This last mysql refers to a database called mysql that
                    you’ll use initially. This database is included by default in
                    the MySQL server.

                    The database mysql has several tables, including one
                    that describes who can use the MySQL server.

     5.    Type:

           SET PASSWORD FOR
           root@localhost=PASSWORD(‘textbook’);

           Then press ENTER.

           The window should look like this:




           This string of commands sets the password for the root user on
           the MySQL server to textbook.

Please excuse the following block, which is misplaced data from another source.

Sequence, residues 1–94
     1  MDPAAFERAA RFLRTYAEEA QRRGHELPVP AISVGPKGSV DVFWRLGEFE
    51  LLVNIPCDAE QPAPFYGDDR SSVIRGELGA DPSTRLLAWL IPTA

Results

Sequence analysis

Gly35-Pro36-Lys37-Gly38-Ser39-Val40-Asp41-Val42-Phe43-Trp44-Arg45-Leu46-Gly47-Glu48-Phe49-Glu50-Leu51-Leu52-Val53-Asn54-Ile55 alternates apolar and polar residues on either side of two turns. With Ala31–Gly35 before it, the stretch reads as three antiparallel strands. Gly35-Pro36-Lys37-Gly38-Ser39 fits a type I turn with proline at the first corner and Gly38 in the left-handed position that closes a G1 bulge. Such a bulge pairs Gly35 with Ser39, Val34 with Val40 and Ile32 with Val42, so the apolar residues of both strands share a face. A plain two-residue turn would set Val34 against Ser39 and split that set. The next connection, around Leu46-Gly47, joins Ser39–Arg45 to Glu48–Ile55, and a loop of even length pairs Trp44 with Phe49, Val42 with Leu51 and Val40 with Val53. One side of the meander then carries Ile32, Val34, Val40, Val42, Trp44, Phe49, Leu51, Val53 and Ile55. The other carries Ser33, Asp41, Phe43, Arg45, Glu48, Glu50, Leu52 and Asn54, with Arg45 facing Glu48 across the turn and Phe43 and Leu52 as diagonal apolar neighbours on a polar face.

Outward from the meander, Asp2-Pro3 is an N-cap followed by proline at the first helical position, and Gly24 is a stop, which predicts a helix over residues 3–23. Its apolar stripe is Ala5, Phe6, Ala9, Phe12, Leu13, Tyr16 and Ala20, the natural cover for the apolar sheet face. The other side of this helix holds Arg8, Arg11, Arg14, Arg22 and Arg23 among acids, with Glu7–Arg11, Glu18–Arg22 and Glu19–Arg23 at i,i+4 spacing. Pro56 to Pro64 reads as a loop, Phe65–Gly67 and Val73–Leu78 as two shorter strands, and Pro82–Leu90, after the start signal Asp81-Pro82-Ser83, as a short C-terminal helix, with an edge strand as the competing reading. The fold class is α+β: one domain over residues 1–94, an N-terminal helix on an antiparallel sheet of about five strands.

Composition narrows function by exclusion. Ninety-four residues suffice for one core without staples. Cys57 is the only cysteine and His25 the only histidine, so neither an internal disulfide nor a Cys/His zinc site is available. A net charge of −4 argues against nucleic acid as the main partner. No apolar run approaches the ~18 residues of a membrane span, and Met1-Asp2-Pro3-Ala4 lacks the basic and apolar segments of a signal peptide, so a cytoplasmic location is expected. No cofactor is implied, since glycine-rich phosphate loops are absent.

22    GETTING STARTED
Tip: Both the MySQL server and the Linux computer itself can
have root users who can add/delete/modify anything. The
passwords for each are independent, however.

textbook is not the Root account password of your Linux
computer. It’s the root password for the MySQL server.

In the previous string of commands, you logged into the MySQL
server as its root user, so the password textbook applies to the
MySQL server.

You can now give commands to add/delete/modify anything in
the MySQL server, but not the Linux computer it runs on.




                                            GETTING STARTED    23
Create a new database
     1.    At the mysql> prompt, type:

           CREATE DATABASE us_presidents;




           Then press ENTER.




24    GETTING STARTED
The window should look like this:




                                    GETTING STARTED   25
                Tip: Now that you’re logged into the MySQL server, you’re
                giving MySQL commands.